AP Photo/Elaine Thompson
In the state of Florida, there are 176,537 teachers in public schools. I don’t have a number for private schools in the state, but it’s safe to assume we’re looking at something close to 200,000 teachers.
That’s a decent sized portion of the total number of teachers throughout the nation, not counting school staff, the very same teachers blasted by Giffords recently as being completely irresponsible with their guns. The very same Giffords who made a whopping 12 incidents a year sound like a national epidemic.
After the Parkland shooting last year, a modest package of gun-control laws passed through the Florida Legislature with one notable deletion: language about arming schoolteachers. As part of a compromise, lawmakers agreed to remove the controversial measure — but this year, the idea is back.
Tomorrow a state Senate bill that would allow trained teachers to carry guns at school (SB 7030) will go up for a vote before the Senate Appropriations Committee. A vote on the companion House bill has been temporarily postponedwhile members of both chambers negotiate the differences between the two measures.
Although the proposal to arm teachers is popular among some conservatives, most Floridians oppose such a plan, according to a recent Quinnipiac University poll. There’s also plenty of evidence that teachers with guns can be downright dangerous. Last week, Giffords, the gun-violence prevention organization led by former congresswoman Gabrielle Giffords, put together an analysis of more than 60 incidents of mishandled guns at schools across the nation, including nine in Florida. Last year, the Tampa Bay Times did something similar, pulling state disciplinary reports that showed teachers and other school staff had made threats of violence, sometimes against students.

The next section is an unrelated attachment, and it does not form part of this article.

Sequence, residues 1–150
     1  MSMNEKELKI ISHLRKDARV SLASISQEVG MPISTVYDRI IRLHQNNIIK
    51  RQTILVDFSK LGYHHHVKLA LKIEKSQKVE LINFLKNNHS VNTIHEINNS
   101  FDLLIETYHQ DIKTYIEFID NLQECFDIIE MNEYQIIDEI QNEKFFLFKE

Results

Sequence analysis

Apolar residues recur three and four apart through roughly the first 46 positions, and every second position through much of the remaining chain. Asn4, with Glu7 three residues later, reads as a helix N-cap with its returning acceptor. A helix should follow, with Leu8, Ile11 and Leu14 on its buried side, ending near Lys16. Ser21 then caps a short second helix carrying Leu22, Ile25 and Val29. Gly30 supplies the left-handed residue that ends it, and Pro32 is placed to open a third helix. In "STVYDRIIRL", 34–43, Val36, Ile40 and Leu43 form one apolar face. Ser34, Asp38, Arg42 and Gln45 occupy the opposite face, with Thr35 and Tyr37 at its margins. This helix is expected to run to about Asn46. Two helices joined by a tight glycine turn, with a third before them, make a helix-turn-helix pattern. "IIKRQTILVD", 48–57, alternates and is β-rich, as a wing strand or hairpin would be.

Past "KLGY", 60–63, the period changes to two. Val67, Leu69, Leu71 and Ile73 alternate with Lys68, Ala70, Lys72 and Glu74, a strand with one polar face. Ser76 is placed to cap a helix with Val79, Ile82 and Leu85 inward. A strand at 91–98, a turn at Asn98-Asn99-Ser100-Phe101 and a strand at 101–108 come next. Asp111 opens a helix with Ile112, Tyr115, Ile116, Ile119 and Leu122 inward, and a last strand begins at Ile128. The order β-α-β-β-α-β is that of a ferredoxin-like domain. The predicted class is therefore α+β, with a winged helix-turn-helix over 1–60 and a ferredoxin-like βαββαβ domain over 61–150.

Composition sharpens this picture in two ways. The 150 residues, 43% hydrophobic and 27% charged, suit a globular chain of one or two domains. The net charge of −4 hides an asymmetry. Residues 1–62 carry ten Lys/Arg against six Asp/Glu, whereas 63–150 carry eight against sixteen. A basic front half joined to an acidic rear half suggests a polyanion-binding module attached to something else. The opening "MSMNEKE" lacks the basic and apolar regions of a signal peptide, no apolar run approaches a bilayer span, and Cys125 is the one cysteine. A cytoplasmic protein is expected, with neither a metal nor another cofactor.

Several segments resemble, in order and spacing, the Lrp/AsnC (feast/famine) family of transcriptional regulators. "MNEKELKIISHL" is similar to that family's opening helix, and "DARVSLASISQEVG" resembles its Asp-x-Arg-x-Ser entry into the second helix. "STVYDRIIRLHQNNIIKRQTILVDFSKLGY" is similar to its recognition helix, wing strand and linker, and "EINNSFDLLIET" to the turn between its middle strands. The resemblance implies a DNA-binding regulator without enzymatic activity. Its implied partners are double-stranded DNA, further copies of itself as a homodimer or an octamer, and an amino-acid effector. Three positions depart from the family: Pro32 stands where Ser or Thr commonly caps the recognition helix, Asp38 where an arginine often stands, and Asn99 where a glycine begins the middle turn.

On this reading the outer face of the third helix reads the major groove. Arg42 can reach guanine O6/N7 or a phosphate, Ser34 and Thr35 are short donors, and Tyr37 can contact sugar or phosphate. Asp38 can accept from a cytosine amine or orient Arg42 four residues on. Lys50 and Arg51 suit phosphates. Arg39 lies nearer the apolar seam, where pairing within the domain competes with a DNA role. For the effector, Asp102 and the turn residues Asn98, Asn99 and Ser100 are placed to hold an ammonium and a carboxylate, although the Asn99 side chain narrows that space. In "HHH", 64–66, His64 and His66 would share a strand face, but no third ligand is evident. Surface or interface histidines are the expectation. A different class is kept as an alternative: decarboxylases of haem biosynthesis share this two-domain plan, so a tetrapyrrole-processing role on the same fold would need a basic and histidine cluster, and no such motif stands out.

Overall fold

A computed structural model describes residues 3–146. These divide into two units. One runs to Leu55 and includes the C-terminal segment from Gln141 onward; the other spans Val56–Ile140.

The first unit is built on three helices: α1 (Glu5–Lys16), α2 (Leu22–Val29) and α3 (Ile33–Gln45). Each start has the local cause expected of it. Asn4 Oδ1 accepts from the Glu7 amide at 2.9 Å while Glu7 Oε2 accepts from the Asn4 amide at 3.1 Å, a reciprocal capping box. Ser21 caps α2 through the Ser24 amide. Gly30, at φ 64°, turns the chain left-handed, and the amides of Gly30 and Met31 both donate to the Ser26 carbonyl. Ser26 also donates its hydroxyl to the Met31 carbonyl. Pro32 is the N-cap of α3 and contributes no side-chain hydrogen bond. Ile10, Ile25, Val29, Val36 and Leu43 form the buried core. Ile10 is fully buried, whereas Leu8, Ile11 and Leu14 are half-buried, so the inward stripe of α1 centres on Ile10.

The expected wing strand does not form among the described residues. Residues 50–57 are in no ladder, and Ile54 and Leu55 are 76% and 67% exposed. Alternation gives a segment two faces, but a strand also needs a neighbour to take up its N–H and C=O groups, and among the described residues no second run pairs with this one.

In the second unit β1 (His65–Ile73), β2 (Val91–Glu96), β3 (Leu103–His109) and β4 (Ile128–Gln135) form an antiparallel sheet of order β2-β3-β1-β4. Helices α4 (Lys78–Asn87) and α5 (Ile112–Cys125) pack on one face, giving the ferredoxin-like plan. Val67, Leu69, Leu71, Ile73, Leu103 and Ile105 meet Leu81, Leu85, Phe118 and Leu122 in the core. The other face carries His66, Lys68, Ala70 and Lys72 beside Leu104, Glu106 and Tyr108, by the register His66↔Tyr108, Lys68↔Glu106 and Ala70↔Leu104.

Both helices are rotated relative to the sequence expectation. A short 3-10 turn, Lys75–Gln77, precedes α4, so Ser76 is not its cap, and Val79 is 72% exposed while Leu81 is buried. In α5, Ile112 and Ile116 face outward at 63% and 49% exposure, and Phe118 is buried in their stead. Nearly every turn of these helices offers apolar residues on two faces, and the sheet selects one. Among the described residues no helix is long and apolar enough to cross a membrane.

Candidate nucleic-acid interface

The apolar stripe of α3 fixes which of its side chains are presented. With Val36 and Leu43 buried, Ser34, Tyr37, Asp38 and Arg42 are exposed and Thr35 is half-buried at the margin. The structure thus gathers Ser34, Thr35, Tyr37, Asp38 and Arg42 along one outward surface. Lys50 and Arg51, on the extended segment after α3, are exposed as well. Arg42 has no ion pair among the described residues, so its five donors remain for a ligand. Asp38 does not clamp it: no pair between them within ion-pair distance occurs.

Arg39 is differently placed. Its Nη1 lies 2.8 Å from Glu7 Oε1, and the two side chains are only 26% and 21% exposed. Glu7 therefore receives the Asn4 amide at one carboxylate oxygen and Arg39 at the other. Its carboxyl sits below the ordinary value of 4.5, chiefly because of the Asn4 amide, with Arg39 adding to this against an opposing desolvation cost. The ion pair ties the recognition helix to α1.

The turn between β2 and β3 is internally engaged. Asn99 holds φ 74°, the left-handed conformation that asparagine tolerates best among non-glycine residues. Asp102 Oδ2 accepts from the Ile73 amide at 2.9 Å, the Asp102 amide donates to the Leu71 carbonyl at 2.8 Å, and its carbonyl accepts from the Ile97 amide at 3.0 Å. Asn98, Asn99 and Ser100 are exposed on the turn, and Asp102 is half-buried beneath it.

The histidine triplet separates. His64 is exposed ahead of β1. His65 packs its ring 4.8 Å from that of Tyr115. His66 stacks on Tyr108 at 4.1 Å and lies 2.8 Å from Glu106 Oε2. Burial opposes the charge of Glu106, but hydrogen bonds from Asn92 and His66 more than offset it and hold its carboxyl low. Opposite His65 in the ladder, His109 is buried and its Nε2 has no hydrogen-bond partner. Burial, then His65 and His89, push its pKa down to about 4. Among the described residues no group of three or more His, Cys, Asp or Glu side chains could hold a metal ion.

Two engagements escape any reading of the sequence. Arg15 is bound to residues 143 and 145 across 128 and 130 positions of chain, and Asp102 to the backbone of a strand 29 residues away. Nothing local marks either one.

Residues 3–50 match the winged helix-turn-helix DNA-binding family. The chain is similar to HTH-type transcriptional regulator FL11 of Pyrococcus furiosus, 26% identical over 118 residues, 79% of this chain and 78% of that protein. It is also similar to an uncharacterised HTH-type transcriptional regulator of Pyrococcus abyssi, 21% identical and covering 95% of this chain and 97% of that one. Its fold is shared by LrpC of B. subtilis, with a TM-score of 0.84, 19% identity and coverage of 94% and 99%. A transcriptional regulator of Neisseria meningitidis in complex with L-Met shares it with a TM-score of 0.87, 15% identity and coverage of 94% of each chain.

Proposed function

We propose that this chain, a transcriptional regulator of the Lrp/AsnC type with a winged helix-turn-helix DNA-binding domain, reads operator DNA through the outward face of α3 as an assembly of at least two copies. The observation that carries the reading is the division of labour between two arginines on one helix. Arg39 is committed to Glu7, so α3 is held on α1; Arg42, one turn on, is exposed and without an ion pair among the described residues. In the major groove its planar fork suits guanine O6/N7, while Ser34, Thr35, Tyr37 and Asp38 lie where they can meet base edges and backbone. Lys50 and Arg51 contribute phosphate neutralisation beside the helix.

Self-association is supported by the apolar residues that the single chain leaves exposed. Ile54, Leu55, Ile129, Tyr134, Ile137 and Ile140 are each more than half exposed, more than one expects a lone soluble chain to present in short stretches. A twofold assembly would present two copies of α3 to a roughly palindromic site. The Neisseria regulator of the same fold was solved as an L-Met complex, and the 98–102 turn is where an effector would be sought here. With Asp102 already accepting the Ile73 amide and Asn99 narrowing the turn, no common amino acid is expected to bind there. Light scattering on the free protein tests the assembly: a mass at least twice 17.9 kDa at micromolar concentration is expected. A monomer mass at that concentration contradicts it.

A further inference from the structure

Of course, the “litany” of infractions includes a drama teacher allowing a paintball and pellet gun on campus contrary to policy, a teacher who didn’t have a gun saying what she’d do if she did, an art teacher supposedly threatening a student with a finger gun if he spilled paint, a teacher making an ill-advised comment while trying to get a student into a special class and so on.
Others included teachers who mentioned the word “gun” in a rhyme, a teacher with dark but not entirely unusual fantasies based on what we hear from anti-gunners on a regular basis and a teacher who brought a stun gun to school.
While most of these are indeed inappropriate, they’re also not cases of irresponsible teachers who can’t be trusted.
If they are, those teachers should clearly have been fired.
All of this is bizarre to me. Teachers are a left-leaning demographic. Yet at the same time, the anti-gun left is trying to vilify teachers as irresponsible and dangerous.
Meanwhile, I don’t see teachers groups lashing out at this characterization. It’s odd because any implication that maybe they don’t deserve a pay raise sparks howls of protest and comments that make them the living embodiment of all that is good and holy. Teachers are portrayed as good and virtuous people motivated by altruism and other noble things.
But where’s that right now? I’m sure as hell not hearing it.
Let’s remember that when the discussion shifts to education spending.
However, through it all, there’s something else to remember. Out of more than 200,000 teachers and staff, they can still only find a handful of incidents. Giffords found nine incidents in five years. These others are generally words that while inappropriate from a teacher, don’t necessarily represent a threat to student safety.
You’d almost think they couldn’t find much in the way of real issues.